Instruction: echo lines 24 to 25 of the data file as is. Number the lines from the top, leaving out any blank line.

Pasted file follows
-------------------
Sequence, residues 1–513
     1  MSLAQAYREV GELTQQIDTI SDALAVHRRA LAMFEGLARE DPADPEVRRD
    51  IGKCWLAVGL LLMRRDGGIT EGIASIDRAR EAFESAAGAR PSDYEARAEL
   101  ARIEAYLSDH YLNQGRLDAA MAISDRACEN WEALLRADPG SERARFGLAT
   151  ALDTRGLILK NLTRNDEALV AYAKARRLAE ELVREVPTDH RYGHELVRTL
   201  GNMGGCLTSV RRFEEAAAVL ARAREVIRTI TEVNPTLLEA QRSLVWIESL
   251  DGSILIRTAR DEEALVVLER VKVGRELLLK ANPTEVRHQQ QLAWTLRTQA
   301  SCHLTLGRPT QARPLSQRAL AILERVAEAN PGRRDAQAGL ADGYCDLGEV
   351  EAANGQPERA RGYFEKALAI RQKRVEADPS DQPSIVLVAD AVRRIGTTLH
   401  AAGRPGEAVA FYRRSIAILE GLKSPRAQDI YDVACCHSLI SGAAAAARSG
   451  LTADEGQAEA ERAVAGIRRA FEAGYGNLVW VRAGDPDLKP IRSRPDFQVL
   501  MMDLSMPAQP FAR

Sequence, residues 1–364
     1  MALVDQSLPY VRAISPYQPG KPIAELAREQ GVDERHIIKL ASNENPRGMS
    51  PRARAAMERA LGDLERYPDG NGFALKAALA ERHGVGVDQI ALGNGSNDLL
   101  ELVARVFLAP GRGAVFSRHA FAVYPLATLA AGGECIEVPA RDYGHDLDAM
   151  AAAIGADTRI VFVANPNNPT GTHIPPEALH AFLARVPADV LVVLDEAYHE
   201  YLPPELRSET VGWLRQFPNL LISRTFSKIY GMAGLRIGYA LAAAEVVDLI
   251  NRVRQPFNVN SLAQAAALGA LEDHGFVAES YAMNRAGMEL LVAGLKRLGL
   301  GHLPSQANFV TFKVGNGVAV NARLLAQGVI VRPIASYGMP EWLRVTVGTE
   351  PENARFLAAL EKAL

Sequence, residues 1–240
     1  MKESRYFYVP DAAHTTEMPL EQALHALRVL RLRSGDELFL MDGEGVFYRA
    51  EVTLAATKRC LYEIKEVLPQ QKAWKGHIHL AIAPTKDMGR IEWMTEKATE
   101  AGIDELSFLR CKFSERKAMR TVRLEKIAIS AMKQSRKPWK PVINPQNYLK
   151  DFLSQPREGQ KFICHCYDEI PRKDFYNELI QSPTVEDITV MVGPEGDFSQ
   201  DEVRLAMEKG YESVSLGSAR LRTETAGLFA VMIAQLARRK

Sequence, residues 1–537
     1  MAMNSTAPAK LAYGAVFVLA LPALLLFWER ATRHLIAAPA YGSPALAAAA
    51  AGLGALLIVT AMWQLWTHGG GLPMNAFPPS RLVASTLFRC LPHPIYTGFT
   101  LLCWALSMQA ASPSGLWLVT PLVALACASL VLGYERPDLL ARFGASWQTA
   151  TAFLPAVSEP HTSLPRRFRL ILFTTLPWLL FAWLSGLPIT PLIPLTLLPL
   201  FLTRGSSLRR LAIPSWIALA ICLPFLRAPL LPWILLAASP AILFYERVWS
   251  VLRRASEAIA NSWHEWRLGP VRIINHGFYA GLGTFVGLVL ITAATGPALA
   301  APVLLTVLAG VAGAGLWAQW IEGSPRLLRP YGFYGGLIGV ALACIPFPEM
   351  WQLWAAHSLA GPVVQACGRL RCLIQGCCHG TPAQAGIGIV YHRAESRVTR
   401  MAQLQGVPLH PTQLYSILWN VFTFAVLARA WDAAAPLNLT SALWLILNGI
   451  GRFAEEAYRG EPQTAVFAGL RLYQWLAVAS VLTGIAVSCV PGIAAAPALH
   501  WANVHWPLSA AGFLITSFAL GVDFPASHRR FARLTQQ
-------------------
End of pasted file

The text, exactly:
    51  EVTLAATKRC LYEIKEVLPQ QKAWKGHIHL AIAPTKDMGR IEWMTEKATE
   101  AGIDELSFLR CKFSERKAMR TVRLEKIAIS AMKQSRKPWK PVINPQNYLK